Category: Planning & Etiquette
Choosing a wedding photographer is like choosing a maid of honor. You want your photographer to be someone who just gets you—from your style preferences to your pet peeves and all the little quirks in between. Someone who knows you will be able to capture stunning, unique-to-you photos that you and your partner will want to look back on across your happily-ever-after years.
Here are five essential steps for finding a photographer whose style and skills are a perfect match for you (and your wedding).
1. Budget for every hour.
When you start researching photographers, establish a rough budget for documenting your special day. Are you willing to sacrifice a few snapshots for splurge-worthy live music or a midnight snack for your guests, or are you eager to capture every heartfelt moment and will spare no expense to make it happen? Whatever your take, know that you’ll have to budget for every hour your photographer spends with you, including food and breaks. It’s also a good idea to add a small cushion of time to account for traffic delays, misplaced vows or any of the other nuptial mishaps that could happen on your otherwise perfect day.
2. Meet a few photographers in person.
Search out a few photographers in your price range and schedule in-person meetings. The chemistry between you and your photographer can be (almost) as important as the chemistry between you and your partner—and you just can’t make a meaningful connection via email or phone. Ask questions like: How would you describe your photography style? What is your favorite part of a wedding? How do you deal with stressful parts of the day? Remember: Your wedding photographer will be with you almost the entire day. They’ll see everything from your “I do” moment to the loving glances between you, family and friends, so pick someone you like and trust—and with whom you can truly relax at go.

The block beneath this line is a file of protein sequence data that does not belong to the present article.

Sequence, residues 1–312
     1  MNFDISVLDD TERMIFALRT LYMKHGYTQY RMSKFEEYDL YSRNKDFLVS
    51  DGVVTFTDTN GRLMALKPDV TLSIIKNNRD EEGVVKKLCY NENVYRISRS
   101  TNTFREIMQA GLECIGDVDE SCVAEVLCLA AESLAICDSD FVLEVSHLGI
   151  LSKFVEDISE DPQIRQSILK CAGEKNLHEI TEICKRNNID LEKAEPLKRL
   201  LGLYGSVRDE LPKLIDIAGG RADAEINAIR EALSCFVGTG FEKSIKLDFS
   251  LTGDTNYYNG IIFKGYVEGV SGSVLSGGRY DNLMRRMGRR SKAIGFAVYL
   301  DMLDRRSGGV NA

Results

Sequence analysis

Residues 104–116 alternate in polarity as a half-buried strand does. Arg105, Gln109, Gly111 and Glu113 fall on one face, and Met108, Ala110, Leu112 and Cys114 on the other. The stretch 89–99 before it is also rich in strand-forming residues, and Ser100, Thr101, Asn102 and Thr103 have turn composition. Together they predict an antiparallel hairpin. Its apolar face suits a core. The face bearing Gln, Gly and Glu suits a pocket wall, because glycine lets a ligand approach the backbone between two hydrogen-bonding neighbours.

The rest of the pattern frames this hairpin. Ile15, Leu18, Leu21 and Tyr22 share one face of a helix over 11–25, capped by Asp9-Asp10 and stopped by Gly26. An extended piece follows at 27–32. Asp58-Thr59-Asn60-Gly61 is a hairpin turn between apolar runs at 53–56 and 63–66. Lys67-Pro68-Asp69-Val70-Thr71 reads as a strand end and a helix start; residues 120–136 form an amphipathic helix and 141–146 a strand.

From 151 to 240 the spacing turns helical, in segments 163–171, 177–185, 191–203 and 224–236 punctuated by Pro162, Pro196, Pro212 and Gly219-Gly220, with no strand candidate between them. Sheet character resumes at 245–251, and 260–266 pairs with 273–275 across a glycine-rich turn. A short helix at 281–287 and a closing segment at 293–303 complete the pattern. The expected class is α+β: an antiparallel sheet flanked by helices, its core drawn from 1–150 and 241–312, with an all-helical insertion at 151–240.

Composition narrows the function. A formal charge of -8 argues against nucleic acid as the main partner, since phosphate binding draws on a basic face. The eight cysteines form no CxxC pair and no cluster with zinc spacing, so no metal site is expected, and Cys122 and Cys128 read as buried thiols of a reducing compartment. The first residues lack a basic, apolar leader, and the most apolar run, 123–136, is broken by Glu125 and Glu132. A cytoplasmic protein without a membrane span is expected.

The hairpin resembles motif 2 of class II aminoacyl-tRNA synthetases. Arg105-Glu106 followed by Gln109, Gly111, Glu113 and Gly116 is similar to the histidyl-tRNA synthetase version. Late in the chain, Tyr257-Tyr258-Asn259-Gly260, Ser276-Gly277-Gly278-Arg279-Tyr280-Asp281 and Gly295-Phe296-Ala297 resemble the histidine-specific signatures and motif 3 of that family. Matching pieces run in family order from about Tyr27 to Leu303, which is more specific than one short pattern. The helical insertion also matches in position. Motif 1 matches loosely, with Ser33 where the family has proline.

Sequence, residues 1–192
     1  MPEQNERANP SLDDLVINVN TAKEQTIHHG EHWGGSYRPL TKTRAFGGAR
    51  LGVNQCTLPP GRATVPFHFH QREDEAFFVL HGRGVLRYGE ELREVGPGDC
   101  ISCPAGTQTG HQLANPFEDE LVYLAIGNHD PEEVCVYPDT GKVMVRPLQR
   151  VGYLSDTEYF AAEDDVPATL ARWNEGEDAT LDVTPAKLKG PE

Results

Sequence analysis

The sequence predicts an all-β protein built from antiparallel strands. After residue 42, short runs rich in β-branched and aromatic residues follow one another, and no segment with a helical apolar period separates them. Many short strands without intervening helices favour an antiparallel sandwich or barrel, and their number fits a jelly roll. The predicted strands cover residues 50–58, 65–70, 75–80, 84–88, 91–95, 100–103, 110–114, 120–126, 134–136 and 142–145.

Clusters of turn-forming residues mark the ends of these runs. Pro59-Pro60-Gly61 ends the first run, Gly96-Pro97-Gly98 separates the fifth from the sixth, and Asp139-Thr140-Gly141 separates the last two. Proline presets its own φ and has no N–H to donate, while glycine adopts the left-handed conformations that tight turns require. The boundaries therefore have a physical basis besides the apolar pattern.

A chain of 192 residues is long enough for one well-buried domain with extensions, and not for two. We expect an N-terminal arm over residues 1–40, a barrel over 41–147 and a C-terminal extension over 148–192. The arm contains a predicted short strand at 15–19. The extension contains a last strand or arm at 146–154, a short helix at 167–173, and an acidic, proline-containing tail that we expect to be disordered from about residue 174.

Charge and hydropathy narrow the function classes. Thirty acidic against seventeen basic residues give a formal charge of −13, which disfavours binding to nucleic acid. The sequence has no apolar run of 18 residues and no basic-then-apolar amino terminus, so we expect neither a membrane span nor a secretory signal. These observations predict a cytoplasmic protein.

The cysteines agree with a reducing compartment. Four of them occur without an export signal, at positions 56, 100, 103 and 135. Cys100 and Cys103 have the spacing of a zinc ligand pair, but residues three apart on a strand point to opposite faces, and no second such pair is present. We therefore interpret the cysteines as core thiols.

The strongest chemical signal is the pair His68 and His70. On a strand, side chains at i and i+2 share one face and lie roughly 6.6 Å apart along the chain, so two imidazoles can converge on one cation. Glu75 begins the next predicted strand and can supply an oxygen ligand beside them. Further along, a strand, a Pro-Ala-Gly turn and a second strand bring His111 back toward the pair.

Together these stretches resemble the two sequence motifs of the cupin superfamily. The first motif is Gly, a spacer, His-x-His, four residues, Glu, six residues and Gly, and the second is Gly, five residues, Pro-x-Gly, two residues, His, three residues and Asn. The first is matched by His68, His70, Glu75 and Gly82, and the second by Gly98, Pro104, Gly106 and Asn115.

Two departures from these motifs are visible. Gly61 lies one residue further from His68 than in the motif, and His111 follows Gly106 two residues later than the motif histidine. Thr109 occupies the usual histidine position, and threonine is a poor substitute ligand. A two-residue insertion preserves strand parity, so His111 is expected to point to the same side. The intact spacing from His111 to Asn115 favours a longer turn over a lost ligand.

3. Pick a style that feels right for you (and your venue).
Before you exchange vows with a photographer, drill down to the details. The wedding venue is a good place to start because the setting—and more specifically, the lighting—will determine your photographer’s strategy. Are you planning a breathtaking sunset ceremony, or will you dance the night away in a chic ballroom? Realize that a photographer who primarily shoots outdoor weddings might not have much experience in dimly lit environments (and vice versa). You should also know the style of photos you want. Are you looking for dark, dramatic photos that will wow you for years to come? Tell your photographer you want artistic shots, and you aren’t afraid to get creative. Or maybe you’re looking for candids that feel comfortable and natural?
SEE MORE: Venues & Vendors Spotlight: Texas Wedding Photographer Allen Doberenz or visit our Photographers and Videographers page to discover talented types from the Greater Austin and Bastrop area.
4. Make a list of your shots.
The shots on your list aren’t the only pictures your photographer will snap, but they’re the ones you most definitely want for your wedding album and to hang on your walls. Classic wedding shots include photos of the wedding party getting ready, the big reveal and the first dance—among countless others. You can look through books, blogs and friends’ wedding photos for ideas, or you can ask your photographer to recommend shots that will match your style and venue. The more specifics you can share with your photographer about what you want, the better they can deliver on your photos. Just be reasonable, knowing that there’s only so much time in the day, and the must-haves will be supplemented with stunning in-the-moment shots you couldn’t have even dreamed of choreographing.
5. Get everything in writing.
While it may feel a little stiff, a wedding photography contract is essential to establish clear expectations between you and your photographer. Your written agreement will prevent any miscommunication about your day-of plan and ensure you get what you pay for. The contract should outline details like your wedding date, location and number of hours budgeted. Describe your agreed-upon shot list and any other specifics like timing for breaks and travel arrangements (if you’ll be shooting at multiple locations). After the wedding, how and when will you receive your photos? Will you be able to access them online? Who owns the rights? Could you submit your photos to a wedding blog (such as Lost in Love Weddings)? The contract should answer these questions. You and your photographer should also agree on a cancellation and refund policy. Once everything is in writing, sign the dotted line!
Whatever your tastes, investing the time up front to find the right photographer will pay off in big ways. If you feel comfortable and confident with your wedding-day paparazzi, your photos will show it. And unlike the flowers or food, your photos will last a lifetime.